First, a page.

The Bureau of Alcohol, Tobacco, Firearms, and Explosives (ATF) Pistol Brace Rule has been brewing since last December, but its enforcement is now upon us. Despite Congressional hearings, a stalled House Resolution, and several federal lawsuits, the ATF begins enforcing the rule today. We’ll address the progress of those efforts shortly, but first, let’s look briefly at the rule and your options as they stand right now.
The Pistol Brace Rule
Essentially, just in case you haven’t heard, ATF published a rule change reclassifying firearms equipped with stabilizing pistol braces as short-barreled rifles (SBR). As SBRs, such firearms must be registered under the National Firearms Act of 1934 (NFA).
ATF gave pistol brace owners 120 days to register their items, waiving the normal $200 fee during that time. The 120 days ended at 11:59 PM on May 31. So, if you have not registered your pistol brace at this point, you are a felon in the ATF’s eyes. If they bust you with an unregistered SBR (according to them), you can receive up to 10 years in prison coupled with a $250,000 fine. You will also likely lose your gun rights forever.
You have a few options at this point. This is not advice. It is merely a list of options.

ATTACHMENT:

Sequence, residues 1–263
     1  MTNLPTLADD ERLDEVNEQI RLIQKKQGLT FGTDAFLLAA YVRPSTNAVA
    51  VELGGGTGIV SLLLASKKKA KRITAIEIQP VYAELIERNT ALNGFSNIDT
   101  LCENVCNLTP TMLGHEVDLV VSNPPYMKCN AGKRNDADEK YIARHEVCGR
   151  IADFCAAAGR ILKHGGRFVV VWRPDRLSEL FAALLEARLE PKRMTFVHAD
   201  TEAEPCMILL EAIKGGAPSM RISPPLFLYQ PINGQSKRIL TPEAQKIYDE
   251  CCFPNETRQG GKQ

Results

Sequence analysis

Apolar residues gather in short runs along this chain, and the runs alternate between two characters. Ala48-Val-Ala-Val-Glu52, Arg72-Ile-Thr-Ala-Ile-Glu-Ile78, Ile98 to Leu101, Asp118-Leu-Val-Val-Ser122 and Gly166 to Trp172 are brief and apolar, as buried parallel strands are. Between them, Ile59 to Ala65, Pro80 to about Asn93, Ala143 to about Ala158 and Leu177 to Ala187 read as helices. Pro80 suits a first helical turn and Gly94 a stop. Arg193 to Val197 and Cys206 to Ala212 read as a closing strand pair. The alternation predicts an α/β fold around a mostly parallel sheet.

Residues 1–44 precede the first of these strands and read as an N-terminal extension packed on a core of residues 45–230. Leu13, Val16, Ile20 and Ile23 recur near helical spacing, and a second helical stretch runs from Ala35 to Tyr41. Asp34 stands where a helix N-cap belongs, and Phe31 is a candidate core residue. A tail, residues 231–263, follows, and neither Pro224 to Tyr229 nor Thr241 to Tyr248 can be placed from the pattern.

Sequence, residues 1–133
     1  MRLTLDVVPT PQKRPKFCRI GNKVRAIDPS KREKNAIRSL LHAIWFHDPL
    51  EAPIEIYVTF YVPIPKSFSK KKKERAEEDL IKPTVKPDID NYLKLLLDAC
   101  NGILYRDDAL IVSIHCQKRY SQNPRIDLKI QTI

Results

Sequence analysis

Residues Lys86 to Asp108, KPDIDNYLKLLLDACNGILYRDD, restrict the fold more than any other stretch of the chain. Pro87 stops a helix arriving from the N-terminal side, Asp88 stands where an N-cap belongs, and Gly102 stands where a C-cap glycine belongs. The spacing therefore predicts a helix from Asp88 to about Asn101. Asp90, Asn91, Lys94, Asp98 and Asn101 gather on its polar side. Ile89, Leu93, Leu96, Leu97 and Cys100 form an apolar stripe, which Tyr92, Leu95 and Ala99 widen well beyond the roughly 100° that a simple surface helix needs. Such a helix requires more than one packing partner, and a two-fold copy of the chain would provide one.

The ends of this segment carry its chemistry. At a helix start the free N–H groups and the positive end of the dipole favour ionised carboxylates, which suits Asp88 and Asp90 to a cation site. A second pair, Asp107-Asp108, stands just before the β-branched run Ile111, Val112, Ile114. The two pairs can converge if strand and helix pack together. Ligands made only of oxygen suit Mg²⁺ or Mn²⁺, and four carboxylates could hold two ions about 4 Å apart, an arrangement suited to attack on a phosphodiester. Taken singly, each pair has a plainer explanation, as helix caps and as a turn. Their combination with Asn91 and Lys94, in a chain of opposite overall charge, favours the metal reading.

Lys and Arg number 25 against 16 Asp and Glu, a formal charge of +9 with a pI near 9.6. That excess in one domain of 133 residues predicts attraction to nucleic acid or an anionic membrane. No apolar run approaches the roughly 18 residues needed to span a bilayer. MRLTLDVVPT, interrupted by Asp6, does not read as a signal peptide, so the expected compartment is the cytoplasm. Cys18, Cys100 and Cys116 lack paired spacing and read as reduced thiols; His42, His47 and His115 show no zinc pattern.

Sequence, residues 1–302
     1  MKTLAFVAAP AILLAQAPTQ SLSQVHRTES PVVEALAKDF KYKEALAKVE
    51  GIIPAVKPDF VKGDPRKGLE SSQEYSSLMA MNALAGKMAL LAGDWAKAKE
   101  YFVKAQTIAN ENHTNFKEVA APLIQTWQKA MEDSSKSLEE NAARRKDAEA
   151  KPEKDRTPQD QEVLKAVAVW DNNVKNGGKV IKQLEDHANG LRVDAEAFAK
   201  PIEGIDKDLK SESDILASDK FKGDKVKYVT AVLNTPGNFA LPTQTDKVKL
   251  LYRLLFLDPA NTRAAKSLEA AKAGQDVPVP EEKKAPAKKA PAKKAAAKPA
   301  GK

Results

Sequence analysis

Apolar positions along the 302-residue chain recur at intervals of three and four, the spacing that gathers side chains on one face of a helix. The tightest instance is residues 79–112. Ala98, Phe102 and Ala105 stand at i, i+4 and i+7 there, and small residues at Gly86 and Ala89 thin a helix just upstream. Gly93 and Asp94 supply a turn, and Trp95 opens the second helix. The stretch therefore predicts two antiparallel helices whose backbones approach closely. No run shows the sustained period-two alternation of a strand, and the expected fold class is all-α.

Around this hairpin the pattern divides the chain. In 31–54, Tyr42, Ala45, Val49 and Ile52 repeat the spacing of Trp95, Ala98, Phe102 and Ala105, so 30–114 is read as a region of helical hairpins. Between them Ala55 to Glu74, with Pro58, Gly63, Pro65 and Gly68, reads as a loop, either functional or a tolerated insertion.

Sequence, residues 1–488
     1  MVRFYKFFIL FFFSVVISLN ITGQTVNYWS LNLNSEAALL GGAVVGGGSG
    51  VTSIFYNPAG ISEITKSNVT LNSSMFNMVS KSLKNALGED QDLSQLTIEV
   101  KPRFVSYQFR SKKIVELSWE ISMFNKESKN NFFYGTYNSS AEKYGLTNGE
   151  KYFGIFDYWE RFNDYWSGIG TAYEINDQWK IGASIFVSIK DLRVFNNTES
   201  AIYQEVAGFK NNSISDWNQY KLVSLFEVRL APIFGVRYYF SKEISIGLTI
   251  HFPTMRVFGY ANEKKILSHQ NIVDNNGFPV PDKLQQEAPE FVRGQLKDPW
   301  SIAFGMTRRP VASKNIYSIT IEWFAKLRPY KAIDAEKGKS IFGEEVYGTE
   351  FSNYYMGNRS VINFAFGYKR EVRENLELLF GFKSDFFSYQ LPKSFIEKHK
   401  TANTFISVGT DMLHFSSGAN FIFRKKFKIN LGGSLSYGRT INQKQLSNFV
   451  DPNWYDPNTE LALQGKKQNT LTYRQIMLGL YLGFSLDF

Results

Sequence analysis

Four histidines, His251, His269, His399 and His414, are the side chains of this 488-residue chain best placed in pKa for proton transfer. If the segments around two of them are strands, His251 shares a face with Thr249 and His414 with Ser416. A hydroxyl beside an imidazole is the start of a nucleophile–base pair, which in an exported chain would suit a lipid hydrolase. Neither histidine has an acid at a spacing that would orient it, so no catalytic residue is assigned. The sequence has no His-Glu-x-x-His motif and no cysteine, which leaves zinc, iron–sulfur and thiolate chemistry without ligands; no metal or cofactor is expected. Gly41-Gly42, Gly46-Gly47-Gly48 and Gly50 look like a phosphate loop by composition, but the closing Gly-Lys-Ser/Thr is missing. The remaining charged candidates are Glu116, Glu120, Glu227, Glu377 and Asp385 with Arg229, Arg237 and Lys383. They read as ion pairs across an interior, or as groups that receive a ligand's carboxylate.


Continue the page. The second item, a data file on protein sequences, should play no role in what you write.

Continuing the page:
- You can detach the brace and destroy it.
- You can detach the brace and remove it to another location where a compatible firearm, such as an AR pistol, does not reside. Despite what ATF Director Steve Dettelbach told Congress, you CANNOT simply detach the brace and chuck it in your closet. If discovered, ATF WILL charge you since you have the parts to assemble an SBR on hand.
- Before the 120 days ended, you had the option to surrender the brace to the ATF. You could theoretically still do that, but doing so all but admits your possession of an illegal SBR after the deadline. It’s probably not a wise move at this point.
- You can hunker down and wait to see how the lawsuits work out. According to Dettelbach, ATF will not be visiting people’s homes looking for unregistered SBRs. He said enforcement will be opportunistic, as part of other endeavors. You can take that however you want, but remember he also said in the same hearing that you could just detach the brace and keep it, which is not true. You can trust his word or not.
- You MAY be protected by one or more of the recent preliminary injunctions issued by federal judges. In that case, you can hang on to the braced firearm pending the final legal findings. Let’s talk about those proceedings.